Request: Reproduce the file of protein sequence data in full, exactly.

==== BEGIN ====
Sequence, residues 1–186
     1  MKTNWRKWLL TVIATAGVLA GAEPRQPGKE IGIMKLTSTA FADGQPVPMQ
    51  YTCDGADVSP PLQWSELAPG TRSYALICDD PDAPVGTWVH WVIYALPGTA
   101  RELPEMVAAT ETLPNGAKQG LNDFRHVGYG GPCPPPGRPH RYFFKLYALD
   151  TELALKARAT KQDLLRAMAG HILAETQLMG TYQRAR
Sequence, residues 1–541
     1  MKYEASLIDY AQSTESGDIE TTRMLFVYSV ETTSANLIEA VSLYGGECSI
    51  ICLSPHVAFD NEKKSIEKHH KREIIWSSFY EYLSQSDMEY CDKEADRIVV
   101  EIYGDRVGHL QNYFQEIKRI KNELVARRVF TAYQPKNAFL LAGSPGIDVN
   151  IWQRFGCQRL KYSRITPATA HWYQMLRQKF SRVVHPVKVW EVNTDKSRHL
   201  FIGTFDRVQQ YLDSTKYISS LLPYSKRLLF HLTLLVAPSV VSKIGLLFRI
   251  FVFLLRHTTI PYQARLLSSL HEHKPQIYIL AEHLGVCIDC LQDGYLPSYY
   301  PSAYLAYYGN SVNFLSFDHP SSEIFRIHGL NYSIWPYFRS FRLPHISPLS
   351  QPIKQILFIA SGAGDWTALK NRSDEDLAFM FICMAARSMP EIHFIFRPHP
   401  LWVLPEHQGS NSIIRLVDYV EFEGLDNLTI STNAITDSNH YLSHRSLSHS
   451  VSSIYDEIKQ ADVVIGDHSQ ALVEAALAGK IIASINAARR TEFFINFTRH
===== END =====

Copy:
Sequence, residues 1–186
     1  MKTNWRKWLL TVIATAGVLA GAEPRQPGKE IGIMKLTSTA FADGQPVPMQ
    51  YTCDGADVSP PLQWSELAPG TRSYALICDD PDAPVGTWVH WVIYALPGTA
   101  RELPEMVAAT ETLPNGAKQG LNDFRHVGYG GPCPPPGRPH RYFFKLYALD
   151  TELALKARAT KQDLLRAMAG HILAETQLMG TYQRAR
Sequence, residues 1–541
     1  MKYEASLIDY AQSTESGDIE TTRMLFVYSV ETTSANLIEA VSLYGGECSI
    51  ICLSPHVAFD NEKKSIEKHH KREIIWSSFY EYLSQSDMEY CDKEADRIVV
   101  EIYGDRVGHL QNYFQEIKRI KNELVARRVF TAYQPKNAFL LAGSPGIDVN
   151  IWQRFGCQRL KYSRITPATA HWYQMLRQKF SRVVHPVKVW EVNTDKSRHL
   201  FIGTFDRVQQ YLDSTKYISS LLPYSKRLLF HLTLLVAPSV VSKIGLLFRI
   251  FVFLLRHTTI PYQARLLSSL HEHKPQIYIL AEHLGVCIDC LQDGYLPSYY
   301  PSAYLAYYGN SVNFLSFDHP SSEIFRIHGL NYSIWPYFRS FRLPHISPLS
   351  QPIKQILFIA SGAGDWTALK NRSDEDLAFM FICMAARSMP EIHFIFRPHP
   401  LWVLPEHQGS NSIIRLVDYV EFEGLDNLTI STNAITDSNH YLSHRSLSHS
   451  VSSIYDEIKQ ADVVIGDHSQ ALVEAALAGK IIASINAARR TEFFINFTRH